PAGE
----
Engiar.u; Duse and Rejane and Bern
fiardt and ( oquelin in France; many
in Italy, including that master of them
*u in technique, Ermete Novefli, and
Germany had countless actors with
Proper claim to greatness.
But yon can't rnake great actors
*?tbout gr<;at plays any more than
Jou can make a great writer of a child
H all the reading he gets consists of
'penny dreadfuls.' We have too many
_vml plays, and the public is tired of
them, tircd of the everlasting, silly
->?droom farce and of the equally brain
?*?* twadcile of the average musical
l*M people want more serious
-hrngs, more thrilling things. Take
this new play of mine, 'The Purple
latk.' [< ,,,,. 0f th08e o!d fashioned
--posjible,' if you like; melodramas,
?ot the people seem to like it, to nnd
? ' a pUtted relief. We are doing won
'????fa! basinesa. I expect to make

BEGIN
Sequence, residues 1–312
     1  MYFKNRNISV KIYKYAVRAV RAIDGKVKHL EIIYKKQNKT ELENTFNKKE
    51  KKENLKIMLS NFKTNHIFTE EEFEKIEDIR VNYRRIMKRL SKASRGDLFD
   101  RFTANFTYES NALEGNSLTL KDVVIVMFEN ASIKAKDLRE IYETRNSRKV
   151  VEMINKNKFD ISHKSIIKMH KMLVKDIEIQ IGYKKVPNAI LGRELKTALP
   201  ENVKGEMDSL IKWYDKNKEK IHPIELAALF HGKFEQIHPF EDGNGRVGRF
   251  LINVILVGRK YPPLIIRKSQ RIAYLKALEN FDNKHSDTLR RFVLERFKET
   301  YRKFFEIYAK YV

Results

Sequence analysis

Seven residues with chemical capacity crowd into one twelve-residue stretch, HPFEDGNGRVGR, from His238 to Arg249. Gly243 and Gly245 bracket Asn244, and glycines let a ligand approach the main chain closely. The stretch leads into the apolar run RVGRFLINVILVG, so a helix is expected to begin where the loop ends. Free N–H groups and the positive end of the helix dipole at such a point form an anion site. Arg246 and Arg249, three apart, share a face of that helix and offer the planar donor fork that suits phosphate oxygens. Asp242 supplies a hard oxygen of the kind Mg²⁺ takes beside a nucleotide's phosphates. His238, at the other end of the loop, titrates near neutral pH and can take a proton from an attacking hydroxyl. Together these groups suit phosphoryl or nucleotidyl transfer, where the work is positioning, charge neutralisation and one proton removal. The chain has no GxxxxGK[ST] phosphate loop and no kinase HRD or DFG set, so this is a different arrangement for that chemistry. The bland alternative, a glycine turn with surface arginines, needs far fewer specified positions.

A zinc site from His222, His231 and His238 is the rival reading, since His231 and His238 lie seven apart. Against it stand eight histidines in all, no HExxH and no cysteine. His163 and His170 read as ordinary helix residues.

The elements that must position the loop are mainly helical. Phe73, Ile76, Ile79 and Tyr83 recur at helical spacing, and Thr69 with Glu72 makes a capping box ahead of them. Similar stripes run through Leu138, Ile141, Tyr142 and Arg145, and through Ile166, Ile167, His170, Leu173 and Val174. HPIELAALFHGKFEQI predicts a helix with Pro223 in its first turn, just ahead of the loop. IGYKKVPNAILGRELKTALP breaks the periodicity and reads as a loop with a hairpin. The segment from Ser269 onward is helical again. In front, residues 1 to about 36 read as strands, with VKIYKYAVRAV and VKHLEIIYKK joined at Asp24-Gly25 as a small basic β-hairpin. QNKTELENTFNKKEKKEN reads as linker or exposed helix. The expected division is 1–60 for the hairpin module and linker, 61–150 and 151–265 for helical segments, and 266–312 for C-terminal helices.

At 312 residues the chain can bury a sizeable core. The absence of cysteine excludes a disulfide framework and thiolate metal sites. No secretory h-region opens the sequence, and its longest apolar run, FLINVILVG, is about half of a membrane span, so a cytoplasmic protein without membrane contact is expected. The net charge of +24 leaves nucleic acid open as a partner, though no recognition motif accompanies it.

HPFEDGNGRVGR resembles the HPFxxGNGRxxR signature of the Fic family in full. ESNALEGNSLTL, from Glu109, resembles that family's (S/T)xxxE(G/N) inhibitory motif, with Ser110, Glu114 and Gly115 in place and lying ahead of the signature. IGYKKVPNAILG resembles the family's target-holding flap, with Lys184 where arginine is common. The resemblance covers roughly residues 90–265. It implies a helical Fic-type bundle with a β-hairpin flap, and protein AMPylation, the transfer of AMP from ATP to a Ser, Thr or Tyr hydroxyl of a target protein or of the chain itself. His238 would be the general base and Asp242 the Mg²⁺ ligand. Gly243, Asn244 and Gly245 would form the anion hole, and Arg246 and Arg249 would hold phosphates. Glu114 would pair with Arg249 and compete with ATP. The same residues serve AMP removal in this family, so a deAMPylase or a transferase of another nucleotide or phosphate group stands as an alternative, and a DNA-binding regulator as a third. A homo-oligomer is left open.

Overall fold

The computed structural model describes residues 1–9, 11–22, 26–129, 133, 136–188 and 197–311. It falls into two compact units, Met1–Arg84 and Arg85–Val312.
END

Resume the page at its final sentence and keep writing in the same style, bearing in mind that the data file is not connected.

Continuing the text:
enoogh money out of it to follow it
' <- ; h my own production
Wbellfl 1 shail p!ay Iago, of
tetlM, ! hare long wanted to do it."
lo'ited to dinmtr, Mr. Ditrichstt-in
* never take more than a bowl of
???P More. g0ine on(? h,. Raid.
"-?- Tru?:x was quite different. He
*** waiting at the L*mb?. At the
**k oi off-ndini: his dlgr.ity, which
tyeasores highiy, Uv*< Umptation Is
g? great. ft mu?t be said: Be is
' .< .** cut* ''fi l*j" *toS.e a* on.
'?'??>m* f,n," he bubbU-d, "we've just
*N to b.ivt a real dinner," and al
**??**_?? it wsi jtt?t Uffore going on for
?'? tee^rwl p-rformanee with the kit
^? *?4 the two brides and the
? > <-r bi??( and the sun-flowered
. *lfJ- fc'jv/,:, he devour*d a large
healthy slice of roast beef, gobs of
mashed potatoes, and lima beans, a ,
huge wedgc of apple pie and two cups
"Farce!" he exclaimed. "Who says
it's done? Not on your life. Why, farce
is only life, spats and troubles and
pitfalls and escapes by the breadth